“Growing up in that environment, you’re taught to love your country, you’re taught duty, you’re taught honor, you’re taught to do what’s best for your country,” Peay said.

Peay was further convinced of American exceptionalism and the need for strong American leaders, he said, after serving a mission for The Church of Jesus Christ of Latter-day Saints in Russia shortly after the fall of the Soviet Union. He then studied economics at Brigham Young University and received a law degree from BYU’s law school.

Less than six months after taking the bar exam, he was in Baghdad as a National Guard member, where Peay said he spent nearly a year conducting military intelligence for Operation Iraqi Freedom. His task was to help find the infamous “weapons of mass destruction” that spurred America’s 2003 invasion but were never identified.

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Peay understands why “many Americans and Republicans have grown tired of war” after 20-plus years of fighting. But he said the conflicts in Ukraine and Iraq couldn’t be more different. By supporting Ukraine, the U.S. is not initiating a war but supporting an ally, he said.

Working in Iraq with representatives from various allied countries, including Britain, Italy and Ukraine, taught him that to achieve American interests abroad, the United States needs to maintain relationships with a coalition of allies, Peay said.

Peay said the “isolationist strand” within the GOP, which he thinks falls just short of a majority in Congress, is “dangerous” because it emboldens enemies and actually forestalls peace.

“There’s a lot of division at home,” Peay said. “And I think there’s a good argument that we should focus on those things. But one of the duties of being the leader of the free world is that you have to focus on home and away.”

Peay’s policy priorities

Among his other top issues, Peay said his first priority is cutting spending. He would do this by supporting a balanced budget amendment prohibiting Congress from spending more than it receives. This would require cuts across the board, including delaying entitlement programs for everyone under 50, Peay said.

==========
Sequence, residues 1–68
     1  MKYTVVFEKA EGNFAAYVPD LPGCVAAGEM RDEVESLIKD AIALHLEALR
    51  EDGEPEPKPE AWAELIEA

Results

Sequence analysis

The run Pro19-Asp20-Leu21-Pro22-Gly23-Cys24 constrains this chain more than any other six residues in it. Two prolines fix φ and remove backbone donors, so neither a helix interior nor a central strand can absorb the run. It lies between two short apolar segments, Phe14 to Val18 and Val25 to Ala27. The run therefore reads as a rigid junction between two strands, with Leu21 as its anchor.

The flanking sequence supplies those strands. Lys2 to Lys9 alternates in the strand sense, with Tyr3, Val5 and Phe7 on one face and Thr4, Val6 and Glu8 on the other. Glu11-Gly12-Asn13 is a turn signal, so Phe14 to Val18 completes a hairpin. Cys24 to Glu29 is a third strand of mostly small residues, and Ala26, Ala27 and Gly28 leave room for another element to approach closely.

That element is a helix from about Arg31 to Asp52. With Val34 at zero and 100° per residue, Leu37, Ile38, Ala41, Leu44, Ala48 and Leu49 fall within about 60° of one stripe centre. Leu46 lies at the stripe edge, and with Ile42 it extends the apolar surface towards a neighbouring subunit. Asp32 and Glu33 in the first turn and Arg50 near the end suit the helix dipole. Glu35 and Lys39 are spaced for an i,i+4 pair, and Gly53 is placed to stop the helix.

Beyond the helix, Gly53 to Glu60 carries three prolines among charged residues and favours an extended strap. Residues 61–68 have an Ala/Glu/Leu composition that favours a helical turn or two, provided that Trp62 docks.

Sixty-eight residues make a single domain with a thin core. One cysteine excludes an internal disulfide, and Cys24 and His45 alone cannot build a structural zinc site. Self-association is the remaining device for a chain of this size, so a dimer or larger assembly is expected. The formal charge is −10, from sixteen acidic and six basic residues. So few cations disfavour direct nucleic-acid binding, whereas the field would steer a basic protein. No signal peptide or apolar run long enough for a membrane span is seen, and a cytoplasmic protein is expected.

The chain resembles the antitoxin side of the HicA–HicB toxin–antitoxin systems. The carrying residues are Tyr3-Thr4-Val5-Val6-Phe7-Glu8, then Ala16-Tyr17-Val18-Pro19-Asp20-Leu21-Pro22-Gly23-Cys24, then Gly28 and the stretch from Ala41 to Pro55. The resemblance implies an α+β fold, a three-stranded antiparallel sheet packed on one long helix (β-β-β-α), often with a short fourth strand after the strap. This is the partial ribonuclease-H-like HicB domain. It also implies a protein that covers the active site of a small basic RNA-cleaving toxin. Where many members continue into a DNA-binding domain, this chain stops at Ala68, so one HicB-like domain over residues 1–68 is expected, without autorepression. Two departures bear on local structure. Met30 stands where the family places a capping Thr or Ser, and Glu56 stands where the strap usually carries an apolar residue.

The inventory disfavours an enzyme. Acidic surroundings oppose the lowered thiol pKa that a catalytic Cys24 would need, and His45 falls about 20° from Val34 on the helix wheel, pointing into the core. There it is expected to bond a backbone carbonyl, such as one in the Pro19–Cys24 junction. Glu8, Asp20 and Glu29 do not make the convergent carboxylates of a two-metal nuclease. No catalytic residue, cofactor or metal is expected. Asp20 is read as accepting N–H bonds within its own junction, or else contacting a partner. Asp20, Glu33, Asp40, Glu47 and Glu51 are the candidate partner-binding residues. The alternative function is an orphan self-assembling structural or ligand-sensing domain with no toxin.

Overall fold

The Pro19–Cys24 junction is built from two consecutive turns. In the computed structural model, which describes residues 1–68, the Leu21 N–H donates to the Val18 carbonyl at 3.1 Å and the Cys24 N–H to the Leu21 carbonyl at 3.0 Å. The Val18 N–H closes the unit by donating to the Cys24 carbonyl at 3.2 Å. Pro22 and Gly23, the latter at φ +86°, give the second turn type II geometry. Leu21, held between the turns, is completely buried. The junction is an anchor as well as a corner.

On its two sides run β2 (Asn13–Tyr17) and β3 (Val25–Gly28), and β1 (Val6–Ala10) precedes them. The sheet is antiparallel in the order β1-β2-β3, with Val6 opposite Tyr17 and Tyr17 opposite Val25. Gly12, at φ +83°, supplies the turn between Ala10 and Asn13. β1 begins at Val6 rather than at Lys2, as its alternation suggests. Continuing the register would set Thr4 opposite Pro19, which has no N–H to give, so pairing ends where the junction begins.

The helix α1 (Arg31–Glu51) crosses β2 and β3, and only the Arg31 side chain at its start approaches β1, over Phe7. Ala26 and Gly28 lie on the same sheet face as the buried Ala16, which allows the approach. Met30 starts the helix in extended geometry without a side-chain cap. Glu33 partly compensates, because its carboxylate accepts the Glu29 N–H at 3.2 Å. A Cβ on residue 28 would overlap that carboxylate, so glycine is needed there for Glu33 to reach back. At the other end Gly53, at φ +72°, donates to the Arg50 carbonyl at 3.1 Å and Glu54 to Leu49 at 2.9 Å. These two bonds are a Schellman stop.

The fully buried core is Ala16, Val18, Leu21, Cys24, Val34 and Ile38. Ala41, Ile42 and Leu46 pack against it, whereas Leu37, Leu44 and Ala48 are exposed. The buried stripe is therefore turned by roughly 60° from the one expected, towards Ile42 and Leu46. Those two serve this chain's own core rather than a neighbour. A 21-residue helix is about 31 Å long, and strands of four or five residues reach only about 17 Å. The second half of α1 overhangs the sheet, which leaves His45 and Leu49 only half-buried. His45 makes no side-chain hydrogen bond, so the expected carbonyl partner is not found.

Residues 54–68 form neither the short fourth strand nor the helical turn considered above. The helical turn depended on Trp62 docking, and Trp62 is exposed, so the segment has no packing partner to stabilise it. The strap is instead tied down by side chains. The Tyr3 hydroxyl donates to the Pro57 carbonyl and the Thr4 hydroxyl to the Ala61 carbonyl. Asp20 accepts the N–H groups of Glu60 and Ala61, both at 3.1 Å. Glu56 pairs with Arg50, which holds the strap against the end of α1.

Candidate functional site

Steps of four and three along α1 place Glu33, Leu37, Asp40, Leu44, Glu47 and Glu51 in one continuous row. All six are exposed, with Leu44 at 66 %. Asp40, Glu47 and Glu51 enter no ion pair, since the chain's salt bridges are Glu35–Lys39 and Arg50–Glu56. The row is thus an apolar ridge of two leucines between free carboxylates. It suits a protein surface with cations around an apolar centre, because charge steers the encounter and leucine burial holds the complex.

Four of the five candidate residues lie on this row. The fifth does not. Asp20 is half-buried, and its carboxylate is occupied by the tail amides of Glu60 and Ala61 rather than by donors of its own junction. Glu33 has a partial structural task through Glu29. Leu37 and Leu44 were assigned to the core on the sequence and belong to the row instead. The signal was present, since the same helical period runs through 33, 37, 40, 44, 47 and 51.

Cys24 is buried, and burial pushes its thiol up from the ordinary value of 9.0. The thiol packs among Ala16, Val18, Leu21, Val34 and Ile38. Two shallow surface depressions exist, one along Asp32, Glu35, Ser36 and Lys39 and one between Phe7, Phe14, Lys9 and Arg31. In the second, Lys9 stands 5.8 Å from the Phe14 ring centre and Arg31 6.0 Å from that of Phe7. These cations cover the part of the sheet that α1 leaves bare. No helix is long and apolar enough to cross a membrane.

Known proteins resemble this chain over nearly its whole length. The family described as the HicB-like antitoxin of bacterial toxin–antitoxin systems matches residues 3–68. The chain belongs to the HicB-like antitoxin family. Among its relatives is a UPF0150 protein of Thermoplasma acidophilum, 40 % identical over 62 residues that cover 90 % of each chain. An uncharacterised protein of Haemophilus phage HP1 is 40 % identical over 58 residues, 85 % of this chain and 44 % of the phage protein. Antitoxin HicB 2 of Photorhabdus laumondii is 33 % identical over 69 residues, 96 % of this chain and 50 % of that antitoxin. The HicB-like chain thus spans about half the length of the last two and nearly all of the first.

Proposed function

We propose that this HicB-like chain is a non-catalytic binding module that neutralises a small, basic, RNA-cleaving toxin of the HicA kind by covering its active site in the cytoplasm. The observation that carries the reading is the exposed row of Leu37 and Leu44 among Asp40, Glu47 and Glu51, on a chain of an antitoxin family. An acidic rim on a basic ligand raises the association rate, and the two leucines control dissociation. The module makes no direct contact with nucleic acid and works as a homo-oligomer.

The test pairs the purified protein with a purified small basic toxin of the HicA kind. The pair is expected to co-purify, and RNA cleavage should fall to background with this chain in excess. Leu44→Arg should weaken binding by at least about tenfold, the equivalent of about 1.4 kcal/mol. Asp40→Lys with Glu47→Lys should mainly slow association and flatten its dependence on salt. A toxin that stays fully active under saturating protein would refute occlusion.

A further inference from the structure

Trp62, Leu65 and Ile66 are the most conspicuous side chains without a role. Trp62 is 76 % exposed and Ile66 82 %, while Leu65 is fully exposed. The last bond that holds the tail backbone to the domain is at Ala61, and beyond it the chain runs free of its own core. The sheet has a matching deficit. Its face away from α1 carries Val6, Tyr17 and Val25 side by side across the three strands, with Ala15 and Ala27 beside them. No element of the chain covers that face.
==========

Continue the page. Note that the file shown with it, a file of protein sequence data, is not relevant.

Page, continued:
Next is reforming the country’s immigration system. Peay said the country must treat the southern border like the northern border and require asylum-seekers to first make their claim to Mexico before they can apply for asylum in the U.S. He also said the country must counter cartels with more aggressive intelligence operations.

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Peay said one of the most important roles of anyone who represents Utah’s 3rd District, which includes Sandy, Draper, much of Utah County and all of eastern Utah, is to push back against federal overreach on public lands. He said he would continue Curtis’ effort to repeal new Bureau of Land Management conservation rules and would pressure federal agencies to recognize state and county resource plans when implementing changes.

Peay is the lead commercial litigator at Snell & Wilmer, LLP, in Salt Lake City. He served as Utah County GOP chair from 2019-2021. His first foray into electoral politics was when he ran against Curtis in the 3rd District’s special election in 2017, in which he was eliminated at the state GOP nominating convention.

Peay will appear on the primary ballot as one of four candidates, including Roosevelt mayor JR Bird, Sky Zone CEO Case Lawrence and state auditor John Dougall, who qualified by gathering 7,000 certified signatures. They will face the GOP convention nominee, state Sen. Mike Kennedy, in the June 25 primary.

On Nov. 5, the Republican nominee will face off against Democratic candidate Glenn Wright.